It only took a few seconds, several wet leaves, and an unlucky step to cause 50% of my fingers to be injured, one so bad that it got stuck at an awkward angle and required surgery to fix. Unfortunately, I wasn't doing anything fun or adventurous, just the normal life task of moving the garbage can!
The Anatomy of my Finger Injury
Each time I described the mechanism of injury to the medical staff in the emergency room, their initial response was a look of confusion. I admit, the way I injured myself was odd and each time it took a while to explain why I landed directly on my knuckles, or proximal interphalangeal joints (aka PIPs), instead of a more traditional fall on the palm of the hand. Turns out rolling a trash can across the alley can be treacherous!
Unfortunately, when I fell, the PIP of my right index finger took enough force to break through the skin, tear through the central slip and lateral band of the extensor tendon, and even part of the joint capsule. This disruption to the extensor complex resulted in my finger getting stuck in a flexed position with the complete inability to actively extend my finger. There was also a lot of blood and alleyway asphalt stuck in my open wounds. My quick, post-fall assessment of my injury led me to the conclusion that I would need some sort of surgical repair in order for my finger to work normally again.
The Emergency Room Experience
After a quick stop into my Primary Care's urgent care office, it was clear my initial assumption that I would need hand surgery was correct. Luckily, only 15 minutes from my house, UCHealth's University of Colorado Ansheutz's ER has hand surgery residents on call. This is the first time I needed to go to a Level 1 trauma hospital in Denver (and hopefully it will be my last!) and I was impressed with their organization, kindness, efficiency, and level of care. I would highly recommend UC Anschutz for any emergency care in the Denver area.
Occupational Therapy and Recovery Expectations
Even physical therapists need recovery help sometimes! Especially when my finger wound didn't heal as well as expected due to the rough nature of the laceration and surrounding tissue damage, the amount of swelling, along with my inability to sit still and do nothing. At my 2 week follow-up the surgeon and occupational therapist had stern words warning me about the possibility that a boutonniere deformity was forming which could require another surgery. I heeded their warnings, got a different finger splint made, and did a better job being kind to my injured finger.
Luckily, my finger did not develop into a boutonniere deformity and at 6 weeks I was discharged out of the splint! Due to persistent swelling and trouble with the incision closing, a lot of scar tissue formed and continues to significantly limit motion of my finger. I anticipate another several months of finger exercises (such as stretching, theraputty and rubber band exercises, swelling management, scar mobilization, etc.) before my finger can start acting like a real finger again!
Managing Health Insurance
Navigating and understanding health insurance in the United States is complicated, even under the best circumstances. A couple of years ago, my husband fell off a ladder and broke his wrist which required a trip to the ER and surgery. At the time, we were both self-employed and had a basic health insurance plan from the Colorado Healthcare Marketplace. Not only was the out of pocket cost very high ($8,000+), but finding a surgeon, anesthesiologist, and a surgery center that was in-network for our Bright Health plan proved to be more difficult than I could imagine. But even with "bad" insurance it was still better than the alternative: paying for the ER and surgery without insurance, which I estimated at $35,000+ for a fairly simple wrist and hand surgery.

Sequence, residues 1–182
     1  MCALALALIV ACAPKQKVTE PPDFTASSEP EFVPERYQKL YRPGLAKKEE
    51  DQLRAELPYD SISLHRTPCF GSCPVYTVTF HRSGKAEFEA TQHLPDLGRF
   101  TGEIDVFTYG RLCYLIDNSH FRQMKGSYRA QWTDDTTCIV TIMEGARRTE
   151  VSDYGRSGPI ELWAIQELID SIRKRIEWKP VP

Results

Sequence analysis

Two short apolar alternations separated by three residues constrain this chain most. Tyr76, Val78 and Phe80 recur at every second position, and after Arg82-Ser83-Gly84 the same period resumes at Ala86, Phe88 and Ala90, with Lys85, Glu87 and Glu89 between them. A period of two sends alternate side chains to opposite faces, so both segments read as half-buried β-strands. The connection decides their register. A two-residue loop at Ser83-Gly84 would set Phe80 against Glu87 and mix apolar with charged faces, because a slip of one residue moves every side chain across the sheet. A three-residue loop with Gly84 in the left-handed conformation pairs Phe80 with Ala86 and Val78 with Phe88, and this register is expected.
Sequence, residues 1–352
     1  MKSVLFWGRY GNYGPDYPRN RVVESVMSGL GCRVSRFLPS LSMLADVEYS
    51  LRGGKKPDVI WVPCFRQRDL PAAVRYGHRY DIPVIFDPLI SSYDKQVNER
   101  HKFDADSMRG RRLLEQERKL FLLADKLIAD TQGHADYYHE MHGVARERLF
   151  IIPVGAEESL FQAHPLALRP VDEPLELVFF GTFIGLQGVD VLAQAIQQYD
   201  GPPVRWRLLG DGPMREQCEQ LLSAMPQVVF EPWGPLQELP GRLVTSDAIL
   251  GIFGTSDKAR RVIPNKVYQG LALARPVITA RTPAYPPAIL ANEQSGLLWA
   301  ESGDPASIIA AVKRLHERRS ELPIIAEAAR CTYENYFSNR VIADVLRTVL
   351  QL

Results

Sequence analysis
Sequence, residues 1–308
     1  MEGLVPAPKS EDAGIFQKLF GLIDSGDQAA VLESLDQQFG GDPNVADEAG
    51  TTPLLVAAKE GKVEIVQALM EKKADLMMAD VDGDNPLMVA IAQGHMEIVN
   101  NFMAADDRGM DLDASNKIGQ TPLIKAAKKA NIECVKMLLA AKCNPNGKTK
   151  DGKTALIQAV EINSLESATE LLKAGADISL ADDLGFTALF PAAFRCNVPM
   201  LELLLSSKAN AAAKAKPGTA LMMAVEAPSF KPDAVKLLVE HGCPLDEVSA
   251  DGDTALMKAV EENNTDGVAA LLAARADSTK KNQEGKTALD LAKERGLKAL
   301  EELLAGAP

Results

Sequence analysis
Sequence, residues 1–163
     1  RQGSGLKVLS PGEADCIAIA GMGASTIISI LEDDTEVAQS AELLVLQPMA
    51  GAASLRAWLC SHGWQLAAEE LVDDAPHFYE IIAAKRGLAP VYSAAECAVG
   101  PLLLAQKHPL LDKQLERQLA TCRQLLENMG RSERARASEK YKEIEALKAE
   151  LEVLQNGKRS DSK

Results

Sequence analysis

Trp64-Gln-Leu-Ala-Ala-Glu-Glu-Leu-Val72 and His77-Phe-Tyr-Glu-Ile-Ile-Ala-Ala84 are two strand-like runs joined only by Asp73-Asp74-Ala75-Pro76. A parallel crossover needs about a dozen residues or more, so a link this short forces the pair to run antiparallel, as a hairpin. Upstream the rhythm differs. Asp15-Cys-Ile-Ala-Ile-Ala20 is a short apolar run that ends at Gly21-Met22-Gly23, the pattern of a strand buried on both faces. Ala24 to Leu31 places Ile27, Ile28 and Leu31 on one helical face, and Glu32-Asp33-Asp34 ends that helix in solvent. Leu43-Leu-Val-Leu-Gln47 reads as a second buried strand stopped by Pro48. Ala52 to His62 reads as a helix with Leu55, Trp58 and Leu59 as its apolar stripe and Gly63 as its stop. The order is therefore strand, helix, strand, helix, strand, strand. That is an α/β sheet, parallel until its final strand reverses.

Lucky for me, my husband now works for a great company and has access to a much better health insurance plan. Plus, his company contributes to our health savings account (HSA) every month. My finger ER and surgery bills currently stand at ~ $3,000, all of which has been covered by the HSA funds. Without insurance, the estimated costs for my finger repair stand at ~ $15,000. Health insurance is a total racket and there are no indications that the ease of using it or premiums and out of pocket costs are going to improve anytime soon, but I am still grateful to have it in cases like this.
Injuries can happen at any moment and significantly disrupt normal life. And cost a lot of time and money.
Health insurance coverage and costs can vary greatly but no matter what, it's still confusing and expensive.
Sometimes you have no choice but to ask for help. My husband learned more than he ever thought he would need to about the anatomy of a finger (he actually got to watch the surgery!) along with wound care and how to put my hair in a ponytail.
If you ever need to go to the ER in Denver, I highly recommend CU Anschutz!
My household chore list no longer involves moving the trash can.
Sometimes outdoor activities and life lead to injuries. If you're injured, or looking to work on injury prevention skills, schedule an appointment! In-person visits in Denver, CO (Santa Fe Arts District) or virtual visits available globally.
Dr Jessica Klain PT, DPT, COMT, CSCS, OCS, CNPT
Board Certified Orthopedic Clinical Specialist (OCS)
Certified Strength and Conditioning Specialist (CSCS)
Certified Orthopedic Manual Therapist (COMT)
Certified Nutritional Physical Therapist (CNPT)
Certified Vestibular Specialist
Certified Concussion Specialist
Trigger Point Dry Needling Certified, Level 1&2
Certified Yoga Teacher
University of Florida, Doctorate in Physical Therapy (2009)
The Ohio State University, Bachelor of Science in Biology (2006)